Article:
Case report



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MRA Brain

Neurology consultation was done and patient was started with inj LMWH 60 mg subcutaneously q12h, and later switched to oral anticoagulants.



Patient showed significant improvement in hearing. BERA done after 6 days of anticoagulation showed wave V at 30 dB nHL in both ears indicating return of normal hearing acquity.





BERA

Discussion:

Cerebral sinus venous thrombosis accounts for approximately 0.5% of all cerebrovascular diseases . It is less prevalent than arterial stroke and usually affects young female patients. The risk factors for venous thrombosis are stasis of blood and changes in the blood composition that are best described by Virchow triad. The causative factors of arterial stoke include dehydration, infections, local trauma, rheumatologic diseases like SLE and Behecet’s disease, hypercoagulable states like pregnancy, anti-thrombin III deficiency, nephritic syndrome, cancer and use of oral contraceptives .

The clinical manifestations of CSVT are different from that of arterial stroke. Presenting symptoms may show great diversity depending on its pathophysiology .The symptoms may be related to elevated intracranial pressure such as headache or due to focal ischemia or hemorrhage such as hemiparesis and aphasia. The classical symptoms of CSVT are impaired consciousness, focal neurologic deficits, and generalized seizures . CSVT mainly occurs in young adults, whereas arterial stroke mainly affects elderly people. The cause of CSVT remains unknown in almost a quarter of cases even with all the available investigative modalities.

The incidence of Cerebral venous thrombosis is about 3-4 per million of people each year . It is 3 times more common in Women than in men. A majority of the patients gradually recover from acute episodes of cerebral venous thrombosis, but up to one in eight patients has either chronic disability or death. The early detection of Cerebral venous thrombosis has been enhanced by modern neuro imaging tools especially MRV and digital subtraction angiogram.

The neurological manifestations of CSVT may be vague, such as vomiting, headache, seizures, stroke like features or manifestations of chronic intracranial hypertension such as blurring of vision. Women with pregnancy may present with pregnancy related complications. Thus, physicians should have a fair idea about CSVT and their atypical presentations.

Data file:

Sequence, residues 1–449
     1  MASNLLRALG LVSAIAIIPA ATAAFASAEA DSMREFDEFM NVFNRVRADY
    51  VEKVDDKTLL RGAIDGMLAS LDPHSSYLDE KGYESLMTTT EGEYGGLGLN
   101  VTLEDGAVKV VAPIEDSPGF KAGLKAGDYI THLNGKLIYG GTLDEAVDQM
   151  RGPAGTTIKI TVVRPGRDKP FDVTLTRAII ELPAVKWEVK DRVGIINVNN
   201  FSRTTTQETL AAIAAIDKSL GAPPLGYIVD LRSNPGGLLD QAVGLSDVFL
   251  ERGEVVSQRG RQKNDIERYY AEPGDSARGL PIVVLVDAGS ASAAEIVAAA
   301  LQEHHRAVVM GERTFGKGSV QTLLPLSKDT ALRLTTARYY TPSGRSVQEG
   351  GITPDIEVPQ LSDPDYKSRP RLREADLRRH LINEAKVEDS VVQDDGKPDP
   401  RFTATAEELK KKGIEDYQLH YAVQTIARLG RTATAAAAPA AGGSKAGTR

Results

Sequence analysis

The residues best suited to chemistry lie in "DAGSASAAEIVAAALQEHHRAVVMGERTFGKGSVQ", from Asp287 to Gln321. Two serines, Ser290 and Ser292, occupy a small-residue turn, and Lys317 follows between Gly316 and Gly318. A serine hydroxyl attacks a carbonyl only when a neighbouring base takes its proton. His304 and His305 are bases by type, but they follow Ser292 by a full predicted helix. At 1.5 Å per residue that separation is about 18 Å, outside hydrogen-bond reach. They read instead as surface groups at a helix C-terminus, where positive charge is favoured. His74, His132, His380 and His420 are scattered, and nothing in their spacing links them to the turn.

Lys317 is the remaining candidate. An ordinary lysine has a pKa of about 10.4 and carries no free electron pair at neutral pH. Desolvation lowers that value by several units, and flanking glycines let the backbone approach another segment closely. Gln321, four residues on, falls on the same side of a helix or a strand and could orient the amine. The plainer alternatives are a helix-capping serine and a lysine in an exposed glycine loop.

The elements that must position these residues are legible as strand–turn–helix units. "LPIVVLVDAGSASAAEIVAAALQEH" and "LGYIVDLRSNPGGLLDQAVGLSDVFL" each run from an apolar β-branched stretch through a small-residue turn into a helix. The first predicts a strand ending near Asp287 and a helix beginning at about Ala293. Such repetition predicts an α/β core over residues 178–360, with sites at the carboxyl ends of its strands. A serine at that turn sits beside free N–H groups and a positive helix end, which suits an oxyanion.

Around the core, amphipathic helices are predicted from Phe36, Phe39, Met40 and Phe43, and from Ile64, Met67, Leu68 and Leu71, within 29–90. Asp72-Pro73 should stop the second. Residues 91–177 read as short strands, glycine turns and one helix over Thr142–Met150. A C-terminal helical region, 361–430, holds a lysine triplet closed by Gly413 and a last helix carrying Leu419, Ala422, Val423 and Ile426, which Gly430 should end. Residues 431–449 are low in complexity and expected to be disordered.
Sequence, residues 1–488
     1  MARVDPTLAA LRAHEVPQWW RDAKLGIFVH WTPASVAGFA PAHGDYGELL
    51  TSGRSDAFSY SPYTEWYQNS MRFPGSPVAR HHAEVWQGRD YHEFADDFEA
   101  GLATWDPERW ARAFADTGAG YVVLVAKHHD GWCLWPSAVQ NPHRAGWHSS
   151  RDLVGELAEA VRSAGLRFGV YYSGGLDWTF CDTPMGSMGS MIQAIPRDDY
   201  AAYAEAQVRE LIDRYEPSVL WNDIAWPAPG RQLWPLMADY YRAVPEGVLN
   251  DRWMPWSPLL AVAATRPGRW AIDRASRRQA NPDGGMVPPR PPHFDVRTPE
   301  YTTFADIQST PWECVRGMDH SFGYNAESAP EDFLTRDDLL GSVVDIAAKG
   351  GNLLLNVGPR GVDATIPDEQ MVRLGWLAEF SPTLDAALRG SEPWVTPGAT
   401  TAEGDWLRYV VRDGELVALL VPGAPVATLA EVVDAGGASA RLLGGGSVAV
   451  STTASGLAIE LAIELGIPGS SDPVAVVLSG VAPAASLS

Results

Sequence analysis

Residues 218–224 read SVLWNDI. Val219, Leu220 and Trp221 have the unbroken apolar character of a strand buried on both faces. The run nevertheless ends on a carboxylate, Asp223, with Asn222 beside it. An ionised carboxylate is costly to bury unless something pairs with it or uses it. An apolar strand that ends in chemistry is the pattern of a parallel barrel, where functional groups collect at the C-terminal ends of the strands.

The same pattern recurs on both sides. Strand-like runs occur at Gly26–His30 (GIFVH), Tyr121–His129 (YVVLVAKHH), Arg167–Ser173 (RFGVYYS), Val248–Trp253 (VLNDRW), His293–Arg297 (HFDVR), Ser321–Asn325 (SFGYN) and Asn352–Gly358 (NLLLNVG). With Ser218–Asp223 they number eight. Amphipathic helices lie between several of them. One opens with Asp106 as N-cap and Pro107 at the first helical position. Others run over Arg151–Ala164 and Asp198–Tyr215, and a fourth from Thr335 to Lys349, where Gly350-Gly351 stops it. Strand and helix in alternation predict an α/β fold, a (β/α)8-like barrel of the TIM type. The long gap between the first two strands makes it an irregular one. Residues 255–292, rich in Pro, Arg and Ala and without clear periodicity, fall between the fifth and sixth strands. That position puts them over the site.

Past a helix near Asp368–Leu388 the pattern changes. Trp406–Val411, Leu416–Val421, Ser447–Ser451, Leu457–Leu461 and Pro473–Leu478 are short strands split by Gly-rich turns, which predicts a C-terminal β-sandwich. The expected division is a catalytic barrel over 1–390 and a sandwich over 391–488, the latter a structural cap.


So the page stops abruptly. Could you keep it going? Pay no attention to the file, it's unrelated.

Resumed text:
There may be 2 mechanisms causing SNHL in a case of CSVT. The cochlea is drained by the cochlear and the labyrinthine veins into the petrosal or directly the transverse sinus. Thus CSVT might increase inner ear pressure, induce anoxia and impede cochlear function. Also, elevated venous pressure could be transmitted to the endolymph, leading to increased inner ear fluid pressure .

The clinical scenario in this case seems to be the presentation of otologic symptoms secondary to CSVT.

References:

1. Stam J. Thrombosis of the cerebral veins and sinuses. New England Journal of Medicine. 2005;352(17):1791-8.

2. Gattringer T, Enzinger C, Birner A, Wünsch G, Niederkorn K, Walch C, et al. Acute unilateral hearing loss as an early symptom of lateral cerebral sinus venous thrombosis. Archives of neurology. 2012;69(11):1508-11.

3. Bousser MG, Ferro JM. Cerebral venous thrombosis: an update. The Lancet Neurology. 2007;6(2):162-70.

4. Braun EM, Stanzenberger H, Nemetz U, Luxenberger W, Lackner A, Bachna-Rotter S, et al. Sudden unilateral hearing loss as first sign of cerebral sinus venous thrombosis? A 3-year retrospective analysis. Otology & neurotology : official publication of the American Otological Society, American Neurotology Society [and] European Academy of Otology and Neurotology. 2013;34(4):657-61.

5. Saposnik G, Barinagarrementeria F, Brown RD, Bushnell CD, Cucchiara B, Cushman M, et al. Diagnosis and management of cerebral venous thrombosis a statement for healthcare professionals from the American Heart Association/American Stroke Association. Stroke. 2011;42(4):1158-92.

6. de Bruijn SF, de Haan RJ, Stam J. Clinical features and prognostic factors of cerebral venous sinus thrombosis in a prospective series of 59 patients. For The Cerebral Venous Sinus Thrombosis Study Group. Journal of neurology, neurosurgery, and psychiatry. 2001;70(1):105-8.

7. Braun EM, Stanzenberger H, Nemetz U, Luxenberger W, Lackner A, Bachna-Rotter S, et al. Sudden unilateral hearing loss as first sign of cerebral sinus venous thrombosis? A 3-year retrospective analysis. Otology & Neurotology. 2013;34(4):657-61.




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